comforts that which grieves within us;
releases us from that which has
dominion over us;
cleanses us of that which
does not belong to us;
renews that which feels drained within us;
awakens that which is asleep in us;
names that which is still formless within us;
empowers that which is newborn within us;
consecrates and guides that which is
strong within us;
restores us to this world which needs us;
reaches out in endless love to others through us.
The risen, living Christ calls us by our name.
                                                                                                     Flora Slosson Wuellner

This is a beautiful picture of what it means to live fully into discipleship. Come learn more about moving from membership to discipleship on July 9 and 10. Hear Katharine Yarnell preach at any of the three worship services, and then stay for lunch and a two hour conversation. The risen, living Christ calls us by our name!

A Comment from Stephanie Cramer

Begin The Healing

            The horrific events of the Orlando massacre have certainly dominated the media and almost every American mind for the past week. One of the main driving issues in most articles is the fact that the shooter was Muslim. It was an act of terror and hatred by a Muslim against the community of people who frequented the Pulse nightclub, those of the LGBTQ community. Yet, while perusing through the news and online social outlets I continue to come across many public demonstrations of solidarity, from specifically those two unlikely partners, Muslims and LGBTQ; each attempting to rise above divisive hatred and labeling of any one group at fault. The LGBTQ community is speaking out in support of Muslims. Muslims are supporting the LGBTQ community. The healing process for them has begun. In fact, healing began extremely quickly this time and in a unique 21st Century grassroots method. Amidst continuingly heated arguments against Islam in America, homosexuality, gun control, and the many other problems that plague our sense of morality, two highly marginalized groups have taken a very public stance in support of each other and they didn’t lose any time waiting to begin. They speak of love and respect across the divisive labels that do nothing to heal society. Labels that society has decided cannot be tolerant of each other. Jesus himself spoke of love, only love, no labels. I am inspired by what I have seen. The marginalized are in support of human solidarity, regardless of religious, sexual, political, or any other isolating label, yet the label of Muslim still takes precedence as the main reason for the Orlando shooting. Why? Maybe it is an over sensitivity to the specific label of Muslim.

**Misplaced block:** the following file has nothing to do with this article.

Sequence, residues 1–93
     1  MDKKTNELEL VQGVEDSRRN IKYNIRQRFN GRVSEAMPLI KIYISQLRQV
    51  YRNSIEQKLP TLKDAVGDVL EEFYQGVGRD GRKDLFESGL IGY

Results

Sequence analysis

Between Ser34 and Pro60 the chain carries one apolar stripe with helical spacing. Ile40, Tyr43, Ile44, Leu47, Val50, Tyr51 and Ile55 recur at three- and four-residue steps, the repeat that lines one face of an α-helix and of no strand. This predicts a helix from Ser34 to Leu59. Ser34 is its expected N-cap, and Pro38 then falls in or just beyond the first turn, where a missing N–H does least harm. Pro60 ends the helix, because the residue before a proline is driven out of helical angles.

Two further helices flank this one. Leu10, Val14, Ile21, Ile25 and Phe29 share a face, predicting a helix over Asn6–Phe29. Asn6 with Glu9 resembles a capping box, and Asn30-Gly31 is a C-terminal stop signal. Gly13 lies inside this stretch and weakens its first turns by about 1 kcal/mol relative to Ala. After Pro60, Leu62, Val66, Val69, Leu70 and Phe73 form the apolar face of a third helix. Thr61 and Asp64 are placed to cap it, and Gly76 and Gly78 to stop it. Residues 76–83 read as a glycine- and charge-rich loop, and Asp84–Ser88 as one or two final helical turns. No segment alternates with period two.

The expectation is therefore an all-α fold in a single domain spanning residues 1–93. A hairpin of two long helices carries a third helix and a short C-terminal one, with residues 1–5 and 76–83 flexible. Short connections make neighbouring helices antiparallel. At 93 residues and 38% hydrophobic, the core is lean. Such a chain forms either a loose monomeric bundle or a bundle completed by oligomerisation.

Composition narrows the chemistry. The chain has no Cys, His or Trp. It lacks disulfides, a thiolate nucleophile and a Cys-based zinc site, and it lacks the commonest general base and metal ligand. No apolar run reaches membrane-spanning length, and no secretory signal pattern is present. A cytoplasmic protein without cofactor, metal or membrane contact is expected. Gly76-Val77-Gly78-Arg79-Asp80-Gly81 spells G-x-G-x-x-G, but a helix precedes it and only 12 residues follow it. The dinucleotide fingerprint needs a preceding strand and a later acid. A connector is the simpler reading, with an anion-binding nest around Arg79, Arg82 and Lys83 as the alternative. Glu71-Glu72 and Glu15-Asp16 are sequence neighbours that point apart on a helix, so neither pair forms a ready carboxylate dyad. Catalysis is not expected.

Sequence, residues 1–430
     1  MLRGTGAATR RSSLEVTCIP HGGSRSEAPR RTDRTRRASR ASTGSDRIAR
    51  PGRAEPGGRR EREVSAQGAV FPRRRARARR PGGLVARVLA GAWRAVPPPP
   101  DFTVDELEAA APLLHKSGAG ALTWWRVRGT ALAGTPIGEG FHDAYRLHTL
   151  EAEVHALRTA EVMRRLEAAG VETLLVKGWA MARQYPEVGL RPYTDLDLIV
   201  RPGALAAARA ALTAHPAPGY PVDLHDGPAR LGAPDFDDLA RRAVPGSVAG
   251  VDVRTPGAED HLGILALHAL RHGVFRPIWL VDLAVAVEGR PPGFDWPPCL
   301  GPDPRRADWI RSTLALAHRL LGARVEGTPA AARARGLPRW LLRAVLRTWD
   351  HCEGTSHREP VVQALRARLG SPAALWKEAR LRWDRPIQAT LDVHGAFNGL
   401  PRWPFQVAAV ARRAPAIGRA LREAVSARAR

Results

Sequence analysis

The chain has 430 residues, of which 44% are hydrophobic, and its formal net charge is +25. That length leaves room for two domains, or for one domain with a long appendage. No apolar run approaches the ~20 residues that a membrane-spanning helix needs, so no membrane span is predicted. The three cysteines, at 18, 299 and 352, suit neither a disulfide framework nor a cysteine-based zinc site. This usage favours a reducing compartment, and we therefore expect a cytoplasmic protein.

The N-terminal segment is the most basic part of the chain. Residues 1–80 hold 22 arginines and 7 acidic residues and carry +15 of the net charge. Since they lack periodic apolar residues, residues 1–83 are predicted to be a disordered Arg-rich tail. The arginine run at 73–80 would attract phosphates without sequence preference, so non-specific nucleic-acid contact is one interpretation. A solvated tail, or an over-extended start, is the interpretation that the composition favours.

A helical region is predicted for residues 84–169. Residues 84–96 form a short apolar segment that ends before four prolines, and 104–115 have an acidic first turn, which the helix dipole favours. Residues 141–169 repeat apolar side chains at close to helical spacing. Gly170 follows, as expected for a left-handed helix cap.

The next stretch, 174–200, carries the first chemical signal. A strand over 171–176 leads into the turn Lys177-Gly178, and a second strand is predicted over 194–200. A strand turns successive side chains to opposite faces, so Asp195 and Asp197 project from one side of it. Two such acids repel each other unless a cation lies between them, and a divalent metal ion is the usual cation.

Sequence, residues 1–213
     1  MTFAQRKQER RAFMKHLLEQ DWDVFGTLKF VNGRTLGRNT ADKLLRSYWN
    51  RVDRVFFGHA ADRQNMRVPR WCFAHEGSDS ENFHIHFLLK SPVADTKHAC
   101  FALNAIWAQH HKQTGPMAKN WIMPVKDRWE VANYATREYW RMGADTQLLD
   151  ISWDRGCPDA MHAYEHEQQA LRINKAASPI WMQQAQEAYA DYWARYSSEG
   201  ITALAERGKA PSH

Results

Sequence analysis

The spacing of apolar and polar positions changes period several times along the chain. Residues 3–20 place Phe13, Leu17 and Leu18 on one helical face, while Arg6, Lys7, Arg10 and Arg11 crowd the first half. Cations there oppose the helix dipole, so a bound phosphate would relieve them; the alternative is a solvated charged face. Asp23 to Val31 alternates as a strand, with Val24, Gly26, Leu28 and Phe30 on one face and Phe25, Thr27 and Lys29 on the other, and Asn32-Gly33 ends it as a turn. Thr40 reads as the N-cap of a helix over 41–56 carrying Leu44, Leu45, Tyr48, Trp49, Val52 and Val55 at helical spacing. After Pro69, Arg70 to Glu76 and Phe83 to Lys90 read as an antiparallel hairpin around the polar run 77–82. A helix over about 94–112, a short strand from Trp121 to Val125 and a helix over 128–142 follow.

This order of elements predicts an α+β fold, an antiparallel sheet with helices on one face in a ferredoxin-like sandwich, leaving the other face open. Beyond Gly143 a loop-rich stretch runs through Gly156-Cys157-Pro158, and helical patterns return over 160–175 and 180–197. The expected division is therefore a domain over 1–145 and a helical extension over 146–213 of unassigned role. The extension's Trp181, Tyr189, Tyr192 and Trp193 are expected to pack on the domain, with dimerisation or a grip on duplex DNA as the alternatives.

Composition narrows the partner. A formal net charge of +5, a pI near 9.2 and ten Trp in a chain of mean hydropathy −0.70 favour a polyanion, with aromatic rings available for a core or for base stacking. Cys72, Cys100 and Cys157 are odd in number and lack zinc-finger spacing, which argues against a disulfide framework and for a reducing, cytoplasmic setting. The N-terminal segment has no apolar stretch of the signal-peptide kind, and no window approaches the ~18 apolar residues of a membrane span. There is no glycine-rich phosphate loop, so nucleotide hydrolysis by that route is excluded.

Labels separate. It’s their job. Labels help us identify, understand, and categorize everything in a human’s life; from important tax papers that need to be filed and kept, to understanding a new neighbor who has moved in from another part of the United States, or even another part of the world. Humans use labels such as: male or female, child or adult, doctor or mechanic, friend or stranger, interesting or boring, in order to regulate and understand our daily lives. While these labels are not typically used in negative ways other labels such as: Christian or Muslim, straight or gay, normal or unstable, native or immigrant, are so often used to build walls between humans who otherwise might prove to be wonderful partners. Although labels in and of themselves are not bad, and we certainly need labels in order to comprehend our complex world, as Christians we are called to rise above the misuse of labels. Jesus used labeling in order to understand the woman at the well in John 4 before he even spoke to her (she was alone, at a well, at high noon in the hottest part of the day…she must be of questionable character, not to mention she was a Samaritan!) and Jesus understood fully the label of Pharisee and the theological oppression it carried. The label of first born is at the center of the Prodigal Son and the label of criminal follows him all the way to the cross. The difference with Jesus? In all of our examples throughout Scripture Jesus quickly rises above the stigmatization of labels in order to work on healing the individual, the group, and all of humanity in specifically the way that works best with each group. Jesus didn’t stop his argument at just one label, rather he shows us that labels are only the beginning. It is what follows the identification that matters. This is what our friends who are brave enough to speak out in solidarity are demonstrating for us, if only we can learn to put aside our prejudice for or against certain labels. Love, just love. No hate. No separation. No walls between us.